Understand Your Electricity Bill and other Charges
It is important to know your electric rate structure to understand how your utility calculates the electricity bill. Numerous power distributors operate in North America, and there are many different ways to bill for electricity. Let’s discuss some of the basic structures, charges, and fees.
The Electricity Bill Rates
Depending on the services offered by the providers, the plans that you can choose from are:
It is the simplest of all the schemes where the electricity bill is calculated by multiplying the used kWh (kilowatt per hour) with the price per kWh. There may be extra charges for sales tax and other incidentals, but the final figure will mainly depend on your usage.
It’s a tier system scheme where the electricity charge increases or decreases after the consumer crosses a particular threshold of energy. If you choose a two-tier structure, two different rates will be applied.
Time of Use (TOU) Rate
It divides a single day into several peak hours and applies separate fees for each session. The pricing for critical peak period is the highest while the off-peak is the least expensive.
Tiered within the Time of Use (TOU) Rate
The system is complicated as it divides a day into several peak hours and then adds two, three, or four tiers within each of the periods.
The costs for season-based electricity usage (summer, fall, spring, and winter) are almost same. Nevertheless, some providers charge higher rates during summer and winter because of the high consumption of energy.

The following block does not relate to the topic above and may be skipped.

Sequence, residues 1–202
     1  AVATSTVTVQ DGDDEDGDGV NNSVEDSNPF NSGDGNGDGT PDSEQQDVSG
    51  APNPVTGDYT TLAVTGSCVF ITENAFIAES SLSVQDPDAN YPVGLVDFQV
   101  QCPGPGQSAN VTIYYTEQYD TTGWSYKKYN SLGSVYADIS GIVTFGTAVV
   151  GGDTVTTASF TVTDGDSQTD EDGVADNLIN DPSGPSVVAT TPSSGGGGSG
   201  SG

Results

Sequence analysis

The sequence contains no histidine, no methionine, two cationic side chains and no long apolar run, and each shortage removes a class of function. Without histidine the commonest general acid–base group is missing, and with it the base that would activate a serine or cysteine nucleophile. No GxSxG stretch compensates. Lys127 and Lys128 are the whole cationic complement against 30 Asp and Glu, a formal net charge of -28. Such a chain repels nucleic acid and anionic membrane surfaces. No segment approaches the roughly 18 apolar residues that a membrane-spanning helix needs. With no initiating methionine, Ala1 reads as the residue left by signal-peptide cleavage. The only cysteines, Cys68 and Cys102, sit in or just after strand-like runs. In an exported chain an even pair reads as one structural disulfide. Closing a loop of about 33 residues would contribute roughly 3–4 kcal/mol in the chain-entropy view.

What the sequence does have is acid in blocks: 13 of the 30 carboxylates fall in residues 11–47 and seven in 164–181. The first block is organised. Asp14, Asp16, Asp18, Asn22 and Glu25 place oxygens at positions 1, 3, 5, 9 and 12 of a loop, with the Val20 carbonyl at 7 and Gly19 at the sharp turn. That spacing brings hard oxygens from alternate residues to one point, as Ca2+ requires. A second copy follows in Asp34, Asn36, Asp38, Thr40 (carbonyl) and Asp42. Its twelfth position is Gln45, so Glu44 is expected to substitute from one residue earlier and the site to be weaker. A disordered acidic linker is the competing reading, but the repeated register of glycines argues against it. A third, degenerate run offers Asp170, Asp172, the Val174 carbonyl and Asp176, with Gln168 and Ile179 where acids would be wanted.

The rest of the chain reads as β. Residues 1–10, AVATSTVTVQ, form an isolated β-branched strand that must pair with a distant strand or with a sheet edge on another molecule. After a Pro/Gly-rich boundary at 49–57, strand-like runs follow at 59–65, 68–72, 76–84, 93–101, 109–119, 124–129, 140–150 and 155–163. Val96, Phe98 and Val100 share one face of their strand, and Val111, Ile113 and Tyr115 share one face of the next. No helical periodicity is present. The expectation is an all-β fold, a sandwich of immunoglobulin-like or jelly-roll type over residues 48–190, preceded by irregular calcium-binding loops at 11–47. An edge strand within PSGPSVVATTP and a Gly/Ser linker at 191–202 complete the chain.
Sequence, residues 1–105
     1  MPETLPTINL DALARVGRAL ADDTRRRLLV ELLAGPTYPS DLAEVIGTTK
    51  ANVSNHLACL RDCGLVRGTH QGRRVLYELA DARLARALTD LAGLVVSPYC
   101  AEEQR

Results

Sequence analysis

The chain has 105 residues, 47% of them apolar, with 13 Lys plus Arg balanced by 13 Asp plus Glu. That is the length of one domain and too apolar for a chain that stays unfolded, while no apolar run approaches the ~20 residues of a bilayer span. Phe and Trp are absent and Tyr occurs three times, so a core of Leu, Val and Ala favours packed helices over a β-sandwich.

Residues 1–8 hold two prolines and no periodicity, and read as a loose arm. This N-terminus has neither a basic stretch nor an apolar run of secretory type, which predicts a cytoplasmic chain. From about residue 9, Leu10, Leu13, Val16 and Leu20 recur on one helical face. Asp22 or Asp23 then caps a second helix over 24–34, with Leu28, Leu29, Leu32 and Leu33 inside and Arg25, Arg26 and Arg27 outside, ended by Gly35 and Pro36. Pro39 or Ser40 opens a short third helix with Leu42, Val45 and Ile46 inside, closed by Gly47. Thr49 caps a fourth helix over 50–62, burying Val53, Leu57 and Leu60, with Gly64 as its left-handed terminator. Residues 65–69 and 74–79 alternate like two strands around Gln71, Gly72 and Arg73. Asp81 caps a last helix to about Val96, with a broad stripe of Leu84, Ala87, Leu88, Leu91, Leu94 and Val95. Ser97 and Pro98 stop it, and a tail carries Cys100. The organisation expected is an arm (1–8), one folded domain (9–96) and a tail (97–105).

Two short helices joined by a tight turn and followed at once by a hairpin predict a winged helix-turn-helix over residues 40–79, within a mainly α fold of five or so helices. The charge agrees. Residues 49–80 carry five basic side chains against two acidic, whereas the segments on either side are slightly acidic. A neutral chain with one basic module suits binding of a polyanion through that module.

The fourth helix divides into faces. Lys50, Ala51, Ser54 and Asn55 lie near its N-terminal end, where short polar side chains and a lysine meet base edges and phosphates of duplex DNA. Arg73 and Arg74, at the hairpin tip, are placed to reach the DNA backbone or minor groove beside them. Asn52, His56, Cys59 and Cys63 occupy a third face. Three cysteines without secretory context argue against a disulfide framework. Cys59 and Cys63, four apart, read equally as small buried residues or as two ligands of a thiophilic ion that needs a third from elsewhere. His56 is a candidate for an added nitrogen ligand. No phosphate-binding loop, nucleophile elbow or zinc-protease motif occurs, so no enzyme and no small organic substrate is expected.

Some of the most common charges are discussed below:
It is the cost that you, as a client, has to pay for the local wires, substations, transformers, and other equipment required for delivering the electricity to your house. The total price also includes customer charge that covers the costs of monthly billing, metering, maintenance, and other customer services.
In this case, you have to pay the costs of transferring high-voltage electricity from a generation facility to the provider’s distribution lines. All of these fees are federally regulated.
State Tax Adjustment Surcharge
It is a surcharge on electricity rates charged to the end-users. It allows distribution companies to track changes to different state taxes.
As a consumer, you have to pay various types of fees including charges for account transfer, connection, reconnection, return check, and declined credit card. In addition, there’s a power cost adjustment that refers to the recovery of wholesale energy costs beyond the current rates. All the fees are subject to change without any notice.
You can shop for your electricity, just like you would shop for purchasing any item. A slight variation in rates and fees may seem insignificant but remember that saving just a cent per kWh could reduce your electricity bill by more than $100 per year.